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“A Clean, Well-Lighted Place” – another Hemingway classic!


“A Clean, Well-Lighted Place”
Ernest Hemingway

4 book marks

“A Clean, Well-Lighted Place” is another one of Hemingway’s favorite short stories. It was first published in 1933 and is a simple story of an old man sitting on the terrace outside a café, drinking late into the night. He likes the café and visits it regularly and there’s a dignified sadness about him. Although he is deaf, the old man finds a distinct peace in the evening quiet as he sits “in the shadow of the leaves of the tree.”

Hemingway leaves the reader to imagine why the man spends every night drinking alone. “Last week he tried to kill himself,” the waiter informs another.

The waiters, one young and one old, watch the old man. The young waiter is impatient for the man to finish. “I wish he would go home. I never get to bed before three o’clock. What kind of hour is that to go to bed?” The older waiter understands the drinking man, however, and feels a connection to him and others who need a well-lit place to spend the lonely hours of night. “You have youth, confidence, and a job,” he tells the younger waiter. “You have everything.”

When old man leaves and the younger waiter goes home, the older waiter hesitates to close the café, reluctant “because there may be some one who needs the café.” He is alone and feels the nothingness of life, a preview of existentialist thought. Although the existentialism movement did not become popular until the middle 1900s, Hemingway has introduced this idea in his story, a tie-in to the aimless feelings of the Lost Generation.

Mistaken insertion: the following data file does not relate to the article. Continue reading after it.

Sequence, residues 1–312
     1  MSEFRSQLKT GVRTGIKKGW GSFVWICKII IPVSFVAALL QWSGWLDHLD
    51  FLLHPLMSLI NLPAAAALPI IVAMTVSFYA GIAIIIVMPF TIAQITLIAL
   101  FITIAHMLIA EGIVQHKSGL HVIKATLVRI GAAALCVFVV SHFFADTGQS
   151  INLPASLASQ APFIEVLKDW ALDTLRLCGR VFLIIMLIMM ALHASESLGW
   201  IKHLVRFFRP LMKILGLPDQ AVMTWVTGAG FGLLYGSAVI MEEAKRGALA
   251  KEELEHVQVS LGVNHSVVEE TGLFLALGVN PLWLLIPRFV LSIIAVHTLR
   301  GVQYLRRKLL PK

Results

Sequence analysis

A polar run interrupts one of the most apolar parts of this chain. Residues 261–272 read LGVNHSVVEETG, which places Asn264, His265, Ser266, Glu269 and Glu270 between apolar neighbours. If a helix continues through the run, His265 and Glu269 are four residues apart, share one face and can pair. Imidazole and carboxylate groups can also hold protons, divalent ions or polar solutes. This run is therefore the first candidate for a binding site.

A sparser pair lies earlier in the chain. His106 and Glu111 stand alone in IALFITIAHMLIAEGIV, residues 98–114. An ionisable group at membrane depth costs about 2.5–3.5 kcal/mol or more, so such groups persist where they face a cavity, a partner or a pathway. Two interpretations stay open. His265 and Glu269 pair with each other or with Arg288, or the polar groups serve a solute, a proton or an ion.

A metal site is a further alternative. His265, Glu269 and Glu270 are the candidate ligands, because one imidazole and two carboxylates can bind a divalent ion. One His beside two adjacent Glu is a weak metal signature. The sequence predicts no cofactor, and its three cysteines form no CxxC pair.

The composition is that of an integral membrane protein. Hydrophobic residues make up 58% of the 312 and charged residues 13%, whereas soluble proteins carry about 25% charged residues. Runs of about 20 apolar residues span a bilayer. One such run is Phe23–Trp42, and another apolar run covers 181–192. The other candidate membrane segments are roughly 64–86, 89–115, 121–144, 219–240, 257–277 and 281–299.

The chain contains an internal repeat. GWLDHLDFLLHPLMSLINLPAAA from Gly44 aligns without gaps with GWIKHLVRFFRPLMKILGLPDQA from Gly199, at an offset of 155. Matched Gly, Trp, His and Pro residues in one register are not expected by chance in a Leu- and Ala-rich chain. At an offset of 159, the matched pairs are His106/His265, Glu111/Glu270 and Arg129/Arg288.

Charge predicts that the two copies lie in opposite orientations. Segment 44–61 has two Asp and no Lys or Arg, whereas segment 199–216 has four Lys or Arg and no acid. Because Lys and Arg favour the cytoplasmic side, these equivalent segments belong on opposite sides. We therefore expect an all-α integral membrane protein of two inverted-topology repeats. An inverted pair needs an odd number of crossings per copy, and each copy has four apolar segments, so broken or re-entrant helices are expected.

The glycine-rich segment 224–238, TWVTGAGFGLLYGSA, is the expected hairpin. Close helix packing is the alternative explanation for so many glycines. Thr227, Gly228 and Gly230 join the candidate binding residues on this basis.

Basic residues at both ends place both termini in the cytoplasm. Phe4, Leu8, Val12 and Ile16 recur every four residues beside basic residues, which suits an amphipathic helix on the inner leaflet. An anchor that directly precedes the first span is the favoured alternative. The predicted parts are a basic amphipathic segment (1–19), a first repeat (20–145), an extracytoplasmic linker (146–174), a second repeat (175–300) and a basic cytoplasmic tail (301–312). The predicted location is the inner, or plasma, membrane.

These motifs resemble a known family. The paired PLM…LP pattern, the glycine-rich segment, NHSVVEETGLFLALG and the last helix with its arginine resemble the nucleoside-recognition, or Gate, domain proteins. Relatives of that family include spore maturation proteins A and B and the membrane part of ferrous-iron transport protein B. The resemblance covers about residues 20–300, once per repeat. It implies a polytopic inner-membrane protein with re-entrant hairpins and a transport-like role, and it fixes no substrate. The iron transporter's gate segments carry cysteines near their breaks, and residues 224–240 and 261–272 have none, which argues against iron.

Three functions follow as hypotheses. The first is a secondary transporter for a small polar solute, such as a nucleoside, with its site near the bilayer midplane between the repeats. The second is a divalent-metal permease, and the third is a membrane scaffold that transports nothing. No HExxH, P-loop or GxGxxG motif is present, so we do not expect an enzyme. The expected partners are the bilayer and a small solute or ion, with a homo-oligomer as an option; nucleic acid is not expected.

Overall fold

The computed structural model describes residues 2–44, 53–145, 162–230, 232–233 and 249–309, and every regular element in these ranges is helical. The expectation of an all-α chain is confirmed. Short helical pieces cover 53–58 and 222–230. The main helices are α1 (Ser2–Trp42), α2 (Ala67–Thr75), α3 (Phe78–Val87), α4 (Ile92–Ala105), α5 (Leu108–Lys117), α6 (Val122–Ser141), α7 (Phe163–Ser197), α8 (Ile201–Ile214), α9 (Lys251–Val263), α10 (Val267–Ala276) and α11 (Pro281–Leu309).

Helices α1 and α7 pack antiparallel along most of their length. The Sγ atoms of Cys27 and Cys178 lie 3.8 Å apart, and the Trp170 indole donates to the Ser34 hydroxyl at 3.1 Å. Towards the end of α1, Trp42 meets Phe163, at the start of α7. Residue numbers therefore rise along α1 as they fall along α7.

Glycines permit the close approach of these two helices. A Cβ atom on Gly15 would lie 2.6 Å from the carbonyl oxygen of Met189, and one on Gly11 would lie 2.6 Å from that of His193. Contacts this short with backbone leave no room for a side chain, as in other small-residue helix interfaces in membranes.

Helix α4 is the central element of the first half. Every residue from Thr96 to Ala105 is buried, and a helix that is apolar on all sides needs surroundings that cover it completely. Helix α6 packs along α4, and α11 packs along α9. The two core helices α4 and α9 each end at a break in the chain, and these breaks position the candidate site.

I like this story because Hemingway uses simple dialogue to show the different viewpoints of the two waiters. And what Hemingway leaves out is just as important. He leaves the reader to guess why the old man is alone, what he has lost, why he tried to kill himself, how he became deaf. Likewise, Hemingway only hints at why the older waiter is lonely, leaving the reader to imagine.

“A Clean, Well-Lighted Place” is a quick read, but one that keeps you thinking.

Have you read this one?

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“The Short Happy Life of Francis Macomber” – Hemingway classic

Book Club Mom:

Here’s another Hemingway short story!

Originally posted on Book Club Mom:

Hemingway Ernest Hemingway

“The Short Happy Life of Francis Macomber”
Ernest Hemingway
5 book marks

If you have a little bit of time and want to read a great classic author, here’s the way to go.  I always remember liking this story and recently found it in my college book of American literature, which has traveled with me for many years!  This story first appeared in Cosmopolitan in 1936.

Francis and Margot Macomber are on an African safari, a rumored attempt to add some adventure to a failing marriage.  And from the outset, this marriage is most definitely doomed.  The story opens following a lion hunt during which Francis has retreated like a coward, much to his wife’s disgust, and to the contempt of their safari leader, Robert Wilson.

Francis is thirty-five-year-old boy, Margot is the type of woman men hate but are drawn to anyway, and Wilson does what he wants. …

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How many Hemingway short stories have you read?

I got this for 50 cents at a used book sale!

“Hills Like White Elephants”
Ernest Hemingway

4 book marks

Almost everyone can name at least one of Ernest Hemingway’s great novels, but he was also a prolific writer of short stories. In a recent conversation, however, I could only name one of them, “The Short Happy Life of Francis Macomber.” That conversation led me to The Short Stories of Ernest Hemingway. It’s a collection of Hemingway’s first forty-nine stories. In the Preface, which was written in 1938, Hemingway casually discusses his favorites, in the following crazy-long, but great run-on sentence: